I strongly recommend Prairie Gold by Wheat Montana.  It is a superior grain for milling flour for bread.  They also sell the flour.  It's a win/win situation.

Cliff. Johnston
"May the best you've ever seen,
 Be the worst you'll ever see;"
from A Scots Toast by Allan Ramsay

jvmooresc's picture
jvmooresc

Hi, Cliff

I'm new to this group, but have been using Wheat Montana Prairie Gold for many years.  Fortunately I can get 50 lb sacks of berries from a local bakery here in SC (I live in Charleston).  I've found it to produce the MOST delicious, nutty-flavored breads with an exceptionally high protein content.  I used to use Walton's G86, but can't find it here in SC.  

Your photo looks edible!

Judith

Cliff Johnston's picture
Cliff Johnston

Welcome aboard.  I'm a rank amateur, but I thoroughly enjoy eating my work!

Can you give us a comparison between the Prairie Gold from Wheat Montana and  Walton's Golden 86?

Cliff. Johnston
"May the best you've ever seen,
 Be the worst you'll ever see;"
from A Scots Toast by Allan Ramsay

weavershouse's picture
weavershouse

On Walton's site they tell an interesting story about the origin of the seed for their Golden 86 and say it's the same as the source of seed for Montana's Prairie Gold and that only the names are different.                                                                                   weavershouse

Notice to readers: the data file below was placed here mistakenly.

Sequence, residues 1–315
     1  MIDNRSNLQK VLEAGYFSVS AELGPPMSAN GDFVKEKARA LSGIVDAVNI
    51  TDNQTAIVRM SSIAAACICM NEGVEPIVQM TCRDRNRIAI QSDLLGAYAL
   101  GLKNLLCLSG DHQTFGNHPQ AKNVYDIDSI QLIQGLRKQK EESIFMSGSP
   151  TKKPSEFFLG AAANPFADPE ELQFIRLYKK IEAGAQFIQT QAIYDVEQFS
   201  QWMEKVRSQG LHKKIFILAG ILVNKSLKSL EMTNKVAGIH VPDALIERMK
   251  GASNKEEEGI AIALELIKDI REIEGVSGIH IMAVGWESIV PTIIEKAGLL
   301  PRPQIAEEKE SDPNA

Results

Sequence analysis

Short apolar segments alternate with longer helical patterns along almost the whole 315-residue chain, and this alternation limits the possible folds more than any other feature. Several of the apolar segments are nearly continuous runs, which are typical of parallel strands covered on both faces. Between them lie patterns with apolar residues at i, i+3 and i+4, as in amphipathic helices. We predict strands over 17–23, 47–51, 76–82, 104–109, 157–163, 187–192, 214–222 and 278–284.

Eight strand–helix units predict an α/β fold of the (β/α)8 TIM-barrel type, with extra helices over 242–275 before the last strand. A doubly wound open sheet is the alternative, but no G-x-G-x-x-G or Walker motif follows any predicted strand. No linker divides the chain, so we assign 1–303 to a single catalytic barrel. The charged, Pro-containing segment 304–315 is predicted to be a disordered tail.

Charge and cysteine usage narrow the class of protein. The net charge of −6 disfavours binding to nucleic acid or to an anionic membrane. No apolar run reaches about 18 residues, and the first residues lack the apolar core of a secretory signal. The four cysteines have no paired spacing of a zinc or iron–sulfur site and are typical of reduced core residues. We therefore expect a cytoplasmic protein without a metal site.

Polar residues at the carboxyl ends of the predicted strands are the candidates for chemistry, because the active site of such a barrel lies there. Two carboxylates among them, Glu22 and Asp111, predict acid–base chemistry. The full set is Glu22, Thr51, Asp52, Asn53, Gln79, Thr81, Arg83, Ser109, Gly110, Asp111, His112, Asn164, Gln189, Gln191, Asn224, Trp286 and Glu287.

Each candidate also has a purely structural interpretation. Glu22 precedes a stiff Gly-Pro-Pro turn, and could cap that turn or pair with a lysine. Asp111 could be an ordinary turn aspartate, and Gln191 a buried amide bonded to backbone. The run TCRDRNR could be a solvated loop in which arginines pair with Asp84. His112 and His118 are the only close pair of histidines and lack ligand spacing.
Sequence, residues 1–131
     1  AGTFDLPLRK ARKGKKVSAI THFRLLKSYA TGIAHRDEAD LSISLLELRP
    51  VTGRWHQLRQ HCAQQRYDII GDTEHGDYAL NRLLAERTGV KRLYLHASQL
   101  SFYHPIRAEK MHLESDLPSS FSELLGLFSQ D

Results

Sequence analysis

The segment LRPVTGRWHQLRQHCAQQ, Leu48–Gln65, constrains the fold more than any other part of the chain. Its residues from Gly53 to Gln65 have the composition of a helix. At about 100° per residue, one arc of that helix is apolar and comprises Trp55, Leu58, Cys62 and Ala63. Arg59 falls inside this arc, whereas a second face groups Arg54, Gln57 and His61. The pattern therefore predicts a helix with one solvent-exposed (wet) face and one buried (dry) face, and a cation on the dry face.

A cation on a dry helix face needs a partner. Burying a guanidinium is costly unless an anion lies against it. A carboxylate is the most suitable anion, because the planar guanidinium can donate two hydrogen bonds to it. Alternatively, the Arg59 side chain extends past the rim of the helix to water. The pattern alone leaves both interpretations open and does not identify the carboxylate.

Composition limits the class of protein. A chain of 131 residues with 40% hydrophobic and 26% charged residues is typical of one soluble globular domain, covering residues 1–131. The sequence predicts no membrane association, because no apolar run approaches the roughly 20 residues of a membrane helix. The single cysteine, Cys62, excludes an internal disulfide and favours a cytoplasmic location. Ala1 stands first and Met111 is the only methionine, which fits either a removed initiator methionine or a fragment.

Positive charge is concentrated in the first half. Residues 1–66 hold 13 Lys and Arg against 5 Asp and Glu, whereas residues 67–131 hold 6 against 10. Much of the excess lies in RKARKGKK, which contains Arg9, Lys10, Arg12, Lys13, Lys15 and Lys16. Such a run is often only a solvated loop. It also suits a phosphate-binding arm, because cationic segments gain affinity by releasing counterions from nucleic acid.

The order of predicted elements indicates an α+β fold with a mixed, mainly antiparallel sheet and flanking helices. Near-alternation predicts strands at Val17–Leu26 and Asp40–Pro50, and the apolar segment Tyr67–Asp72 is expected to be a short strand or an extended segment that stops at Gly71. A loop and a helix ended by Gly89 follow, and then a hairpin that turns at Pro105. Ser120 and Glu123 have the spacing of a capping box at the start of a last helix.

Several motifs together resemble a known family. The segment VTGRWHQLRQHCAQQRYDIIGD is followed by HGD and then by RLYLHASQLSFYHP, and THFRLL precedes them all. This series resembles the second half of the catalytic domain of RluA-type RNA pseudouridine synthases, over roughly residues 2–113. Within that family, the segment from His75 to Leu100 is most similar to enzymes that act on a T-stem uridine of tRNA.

Cliff Johnston's picture
Cliff Johnston

I wasn't aware of that.  Thanks for the feedback.  There might be some minor differences in density due to the higher altitude that Golden Prairie is grown at.  Do you know the protein content of Walton's Golden 86?  Prairie Gold is at 15% - same for their gluten content.

Cliff. Johnston
"May the best you've ever seen,
 Be the worst you'll ever see;"
from A Scots Toast by Allan Ramsay

weavershouse's picture
weavershouse

Walton says it buys all their Golden 86 from one farmer in Montana and the only other grower of this white wheat is a nearby farmer just North of him...Wheat Montana's Prairie Gold. Could the protein content be much different, I don't know. I just bought some Golden 86 and can't wait to grind it and use it.                               weavershouse

Cliff Johnston's picture
Cliff Johnston

6 of one and 1/2 a dozen of the other.  Yes I would think from that information that they are probably one and the same.  Thanks, that's good information to have.  After all there are only the 3 colors, red, white & golden with the golden being the most recent and therefore the least planted.

Cliff. Johnston
"May the best you've ever seen,
 Be the worst you'll ever see;"
from A Scots Toast by Allan Ramsay